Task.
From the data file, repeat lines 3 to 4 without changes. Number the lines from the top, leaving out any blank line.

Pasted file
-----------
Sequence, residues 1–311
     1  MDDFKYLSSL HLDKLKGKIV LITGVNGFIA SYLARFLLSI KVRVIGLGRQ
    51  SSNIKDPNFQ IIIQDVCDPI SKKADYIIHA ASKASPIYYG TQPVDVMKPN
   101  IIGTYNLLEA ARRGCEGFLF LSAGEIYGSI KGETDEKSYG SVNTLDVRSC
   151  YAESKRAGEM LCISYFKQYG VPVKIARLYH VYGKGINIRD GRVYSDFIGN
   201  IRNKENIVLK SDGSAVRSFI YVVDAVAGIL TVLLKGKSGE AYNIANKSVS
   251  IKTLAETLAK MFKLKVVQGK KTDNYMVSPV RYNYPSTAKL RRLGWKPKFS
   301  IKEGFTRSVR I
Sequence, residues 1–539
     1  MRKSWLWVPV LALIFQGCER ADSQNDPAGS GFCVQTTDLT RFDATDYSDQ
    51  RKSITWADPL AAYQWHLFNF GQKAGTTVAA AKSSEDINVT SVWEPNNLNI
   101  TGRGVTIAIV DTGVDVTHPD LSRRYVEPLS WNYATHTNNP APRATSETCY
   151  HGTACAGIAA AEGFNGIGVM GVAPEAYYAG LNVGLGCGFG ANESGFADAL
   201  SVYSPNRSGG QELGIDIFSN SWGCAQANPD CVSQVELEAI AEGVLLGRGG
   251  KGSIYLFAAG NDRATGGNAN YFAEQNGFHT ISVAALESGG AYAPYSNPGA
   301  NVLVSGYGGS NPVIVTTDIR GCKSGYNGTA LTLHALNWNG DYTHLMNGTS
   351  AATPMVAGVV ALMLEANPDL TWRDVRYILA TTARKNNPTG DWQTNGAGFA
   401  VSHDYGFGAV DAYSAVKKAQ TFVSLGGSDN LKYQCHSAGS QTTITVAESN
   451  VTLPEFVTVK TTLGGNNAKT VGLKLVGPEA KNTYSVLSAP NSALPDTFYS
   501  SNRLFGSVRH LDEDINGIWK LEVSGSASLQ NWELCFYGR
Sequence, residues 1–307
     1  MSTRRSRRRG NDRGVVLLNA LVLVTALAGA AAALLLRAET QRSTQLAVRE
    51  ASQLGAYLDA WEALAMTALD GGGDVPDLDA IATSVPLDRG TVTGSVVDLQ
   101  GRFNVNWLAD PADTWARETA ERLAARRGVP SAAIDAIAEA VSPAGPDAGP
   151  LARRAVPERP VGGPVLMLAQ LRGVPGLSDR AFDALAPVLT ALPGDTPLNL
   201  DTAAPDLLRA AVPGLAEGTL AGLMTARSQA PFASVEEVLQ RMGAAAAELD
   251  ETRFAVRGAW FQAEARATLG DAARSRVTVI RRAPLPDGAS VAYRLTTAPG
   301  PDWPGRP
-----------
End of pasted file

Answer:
    51  SSNIKDPNFQ IIIQDVCDPI SKKADYIIHA ASKASPIYYG TQPVDVMKPN
   101  IIGTYNLLEA ARRGCEGFLF LSAGEIYGSI KGETDEKSYG SVNTLDVRSC